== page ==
It was truly inspiring to see these oryx back in their native range where they have been extinct for several decades, and it is even more exciting to know that Source Population Alliance (SPA) facilities were involved in making this happen. On the drive back to camp, we spotted a family group of five pale foxes, which was really neat to see!

Dinner was cooked by the SVS Outfitters crew. We each had a chicken thigh with French fries and orange slices. The chicken tasted okay, but appeared to have had a very hard life.

The first night of tent camping was not exactly ideal; it was extremely hot without a bit of a breeze. About an hour after we all got into our tents, it started raining lightly, so we each had to put our rainfly on our tent to keep the rain out. Out of nowhere, the slight rain turned into heavy rain and then came 60-plus mph winds.

I was doing my best to hold onto my tent and keep it from breaking in the wind, plus I had my arm outside the tent holding the rainfly down after it became unbuckled. Also, because this is the desert, the tents were being sandblasted the entire time with wet sand. As soon as there was a short lull in the wind, Justin and Ric came over and told us it was time to head inside.

Whenever the desert weather became too intense, such as a sandstorm blowing in, the group would head inside converted cargo containers for shelter.

They helped Julie bring in her supplies, and then Adam and the guys helped me drag my camping equipment into one of the cargo containers. I was hoping to try and ride out the wind, but that was obviously not in the cards. We slept in the guys’ cargo container/bunkhouse.

The good part is that it was slightly air-conditioned and we just put our camping mats on the floor and slept in there for the night. The real bummer is that since the door was open for a bit while we were rescuing our camping supplies, the container was full of bugs.

 Sunday, 7/15/18, Day 7: Game Drives For Days

We got up around 5:30 a.m. and went out to the common area to sit under the shade and have breakfast. It was already hot, but there was a nice breeze. I sat and talked with Justin and RoxAnna for a while.

Ric and Justin decided to go ahead and make some adjustments to the catch pens for the oryx we will be collaring. Adam and Julie went down to help them, and since there were plenty of people working on that, I went with Newby, Thomas, RoxAnna, and a group of visitors from the Chadian government to go track a herd of oryx.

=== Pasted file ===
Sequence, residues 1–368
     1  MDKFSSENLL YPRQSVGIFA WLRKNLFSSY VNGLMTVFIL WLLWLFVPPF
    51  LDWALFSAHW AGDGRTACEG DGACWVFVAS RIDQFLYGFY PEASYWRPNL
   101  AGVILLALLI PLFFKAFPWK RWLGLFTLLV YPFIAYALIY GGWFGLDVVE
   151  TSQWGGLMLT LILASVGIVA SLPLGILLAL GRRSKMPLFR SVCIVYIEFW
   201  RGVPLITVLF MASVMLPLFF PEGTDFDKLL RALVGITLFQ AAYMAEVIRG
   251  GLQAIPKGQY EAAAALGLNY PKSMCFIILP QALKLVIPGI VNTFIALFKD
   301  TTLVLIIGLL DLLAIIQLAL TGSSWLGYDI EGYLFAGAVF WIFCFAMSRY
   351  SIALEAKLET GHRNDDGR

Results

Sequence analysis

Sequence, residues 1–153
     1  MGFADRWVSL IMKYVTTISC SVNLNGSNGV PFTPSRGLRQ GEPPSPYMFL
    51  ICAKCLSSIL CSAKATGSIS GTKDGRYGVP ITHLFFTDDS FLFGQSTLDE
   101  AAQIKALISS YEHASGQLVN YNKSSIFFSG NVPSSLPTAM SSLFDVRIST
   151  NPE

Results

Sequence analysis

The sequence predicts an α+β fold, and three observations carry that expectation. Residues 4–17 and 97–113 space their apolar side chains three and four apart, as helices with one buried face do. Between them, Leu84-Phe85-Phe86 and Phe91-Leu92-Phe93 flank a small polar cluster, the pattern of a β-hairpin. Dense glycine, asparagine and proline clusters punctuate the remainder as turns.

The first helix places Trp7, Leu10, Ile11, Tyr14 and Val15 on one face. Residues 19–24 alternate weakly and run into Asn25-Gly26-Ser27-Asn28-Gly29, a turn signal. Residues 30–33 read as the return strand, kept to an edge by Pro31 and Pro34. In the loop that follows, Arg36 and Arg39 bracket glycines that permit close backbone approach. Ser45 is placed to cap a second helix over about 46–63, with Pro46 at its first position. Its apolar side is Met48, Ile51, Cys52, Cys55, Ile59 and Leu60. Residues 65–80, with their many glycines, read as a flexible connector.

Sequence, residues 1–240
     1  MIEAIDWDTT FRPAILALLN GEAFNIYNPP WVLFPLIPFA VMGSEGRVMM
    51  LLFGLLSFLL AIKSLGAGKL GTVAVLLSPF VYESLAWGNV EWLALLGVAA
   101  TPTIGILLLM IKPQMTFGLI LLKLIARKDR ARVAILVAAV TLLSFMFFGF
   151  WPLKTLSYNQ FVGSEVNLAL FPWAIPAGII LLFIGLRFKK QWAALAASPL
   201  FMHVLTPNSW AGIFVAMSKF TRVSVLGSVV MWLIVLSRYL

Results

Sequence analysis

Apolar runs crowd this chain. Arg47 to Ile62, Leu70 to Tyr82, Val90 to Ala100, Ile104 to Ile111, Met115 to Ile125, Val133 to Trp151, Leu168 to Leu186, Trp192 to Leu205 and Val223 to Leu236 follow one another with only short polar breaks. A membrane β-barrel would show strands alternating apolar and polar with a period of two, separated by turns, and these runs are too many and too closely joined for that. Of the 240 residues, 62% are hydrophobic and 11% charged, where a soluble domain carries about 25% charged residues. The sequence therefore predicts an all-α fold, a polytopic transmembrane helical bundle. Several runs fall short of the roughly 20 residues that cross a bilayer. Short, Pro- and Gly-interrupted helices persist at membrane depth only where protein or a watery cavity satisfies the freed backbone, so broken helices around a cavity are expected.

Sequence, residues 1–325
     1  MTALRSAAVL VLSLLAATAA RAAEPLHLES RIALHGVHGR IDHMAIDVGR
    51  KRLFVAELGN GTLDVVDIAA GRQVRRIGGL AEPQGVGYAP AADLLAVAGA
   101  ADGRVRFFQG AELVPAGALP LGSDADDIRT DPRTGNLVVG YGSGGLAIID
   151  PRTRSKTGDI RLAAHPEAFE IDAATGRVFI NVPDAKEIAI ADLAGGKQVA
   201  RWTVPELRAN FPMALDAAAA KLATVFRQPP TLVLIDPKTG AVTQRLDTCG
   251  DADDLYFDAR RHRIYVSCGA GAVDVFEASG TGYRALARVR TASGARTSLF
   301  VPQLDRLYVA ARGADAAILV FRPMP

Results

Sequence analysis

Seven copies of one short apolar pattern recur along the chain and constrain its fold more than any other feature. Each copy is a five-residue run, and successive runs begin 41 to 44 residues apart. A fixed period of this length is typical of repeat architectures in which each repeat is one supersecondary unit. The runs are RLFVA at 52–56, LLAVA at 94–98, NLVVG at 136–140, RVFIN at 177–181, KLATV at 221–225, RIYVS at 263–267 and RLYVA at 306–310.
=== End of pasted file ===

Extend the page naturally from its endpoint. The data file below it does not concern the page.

Before the GPS collars arrive, Adam and Julie help the team from the EAD set up the temporary panels in the oryx catch area.

It turned out to be a good game drive and we were able to get really close to the oryx herd made up of 2017 release animals. We saw 21 oryx in a big group that was fairly close to the pre-release holding pens. It was great oryx watching, and I got some good pictures of the group.

Gavin was excited to be able to get pretty close to a group of oryx that had been released in 2017 and still had their collars on.

On our way to find the next group of SHO, we saw six dorcas gazelle, and then found a group of five SHO under a shade tree. It was already really hot out. Three of the five SHO were in excellent body condition, one was in okay condition, and the other was quite thin.

One of the really encouraging things was how interested the men from the Ministry of Environment and Fisheries Chad were in the oryx and the tracking of their radio collars with the very high frequency signal.

The SHOs are tracked via a very high frequency signal that emits from their GPS collars.

On the way to find the last group of oryx for the morning, we heard a thumping sound. We had a totally flat tire on the front right of Newby’s truck. Newby and I made fairly quick work of the situation though, and got the tire changed to a spare.

Tomorrow, we are planning on starting an overnight trek farther into the reserve to the Wadi Achim and Wadi Karma – two seasonal wetland areas that have historically served as oryx and addax habitat during the dry season.

In the next posting set for Aug. 16, the group heads to the Wadi Karma and Wadi Achim for an overnight adventure, plus Gavin learns about the life of SCF’s John Newby from the man himself! 

1 thought on “Livingston journals on oryx reintroduction”

  1. Gavin~. I am looking forward to reading your journal as it is posted. What an awesome experience for you and your team.